Who Can You Turn to When You Have PTSD?

Blonde woman crying

It’s easy to feel alone when you’re living with post-traumatic stress disorder (PTSD). The symptoms can be debilitating, and you can feel like no one else knows what you’re going through. As alone as you might feel, you’re not truly alone. A number of people want to help you, including the following: 

Your Chiropractor

Believe it or not, a chiropractor in Boca Raton or elsewhere in the United States is more than someone you can turn to for help with chronic pain, injuries, or general musculoskeletal discomfort. Studies have found that they might also be able to raise awareness surrounding suicide prevention. 

In an Analysis of the Medical Expenditure Panel Survey, many people seeking chiropractic care also had mental health illnesses. More than half of 14,025 veterans who visited a Veterans Affairs chiropractic clinic at least once had been diagnosed with PTSD, and nearly half had depression. 

The same analysis found that chronic pain is a predictor of suicide. Chronic pain patients had double the rate of suicide compared to people living without chronic pain conditions. Your chiropractor can’t assist with PTSD treatment, but they have medical connections to help you access the help you need. 

A Psychologist

Licensed clinical psychologists with doctoral degrees in clinical or counseling psychology can be one of the most appropriate experts to approach for PTSD help. Psychologists can tap into a variety of resources to provide you with the help and support you need, such as cognitive therapy, exposure therapy, and eye movement desensitization and reprocessing (EMDR) therapy. Many people living with PTSD have experienced great results with such therapy types. 

Licensed Mental Health Counselors

Not everyone has the budget for psychologists. Fortunately, licensed mental health counselors can be a more affordable option who still provide the support services you might need. Licensed mental health professionals typically have degrees in counseling and provide one-on-one and group counseling sessions. Counselors can help you deal with trauma-related memories and feelings and provide you with the tools you need to manage symptoms at home.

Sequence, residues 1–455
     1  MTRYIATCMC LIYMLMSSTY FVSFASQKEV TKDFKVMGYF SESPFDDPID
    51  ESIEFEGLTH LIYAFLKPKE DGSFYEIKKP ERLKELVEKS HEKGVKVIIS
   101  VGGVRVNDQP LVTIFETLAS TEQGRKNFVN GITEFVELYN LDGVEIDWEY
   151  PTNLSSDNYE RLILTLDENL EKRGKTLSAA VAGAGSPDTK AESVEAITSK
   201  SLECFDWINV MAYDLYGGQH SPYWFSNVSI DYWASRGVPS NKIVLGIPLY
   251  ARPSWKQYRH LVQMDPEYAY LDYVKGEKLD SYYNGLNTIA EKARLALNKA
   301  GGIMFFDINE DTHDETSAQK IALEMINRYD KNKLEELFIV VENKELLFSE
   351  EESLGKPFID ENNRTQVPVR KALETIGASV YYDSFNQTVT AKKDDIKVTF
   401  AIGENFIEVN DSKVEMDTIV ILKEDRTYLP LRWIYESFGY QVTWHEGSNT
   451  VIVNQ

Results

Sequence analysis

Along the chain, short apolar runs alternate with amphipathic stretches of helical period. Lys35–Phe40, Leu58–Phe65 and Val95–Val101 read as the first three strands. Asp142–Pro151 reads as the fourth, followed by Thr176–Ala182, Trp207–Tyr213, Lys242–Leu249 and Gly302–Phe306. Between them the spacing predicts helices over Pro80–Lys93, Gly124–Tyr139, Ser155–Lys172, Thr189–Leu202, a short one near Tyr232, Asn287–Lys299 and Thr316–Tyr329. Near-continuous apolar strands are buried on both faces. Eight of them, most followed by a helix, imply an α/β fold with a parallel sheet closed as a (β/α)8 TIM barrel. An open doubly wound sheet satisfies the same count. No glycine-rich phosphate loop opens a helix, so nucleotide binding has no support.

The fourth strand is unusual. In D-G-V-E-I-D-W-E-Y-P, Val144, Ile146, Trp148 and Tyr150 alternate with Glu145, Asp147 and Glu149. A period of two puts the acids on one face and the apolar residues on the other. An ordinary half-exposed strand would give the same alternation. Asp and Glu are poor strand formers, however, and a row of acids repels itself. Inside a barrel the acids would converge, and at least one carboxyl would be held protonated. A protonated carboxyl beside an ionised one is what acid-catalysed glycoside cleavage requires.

Your Family

Reaching out to your family for help with PTSD will likely be one of the hardest things you’ll ever do. Yet, it can be one of the most important things you can do for yourself and them. You are not suffering with PTSD alone. Instead, your symptoms like irritability, anger, and self-destructive behavior can take their toll on the people you love the most. Admitting to your family that you need help can be the first step toward receiving it with their support. 

Your Friends

You might not feel comfortable talking about your feelings with your friends, but they can be a support network you might need on your journey to healing. Your friends are likely more than happy to be a listening ear and a shoulder to cry on when you need it the most. They can even be who you rely on to feel better on particularly challenging days. 

PTSD can make you feel isolated and alone, almost as if there’s no one who feels like you or can help you. Quite the opposite can be true. Reach out to some of these support options above, and you might receive the help you need to start your healing journey.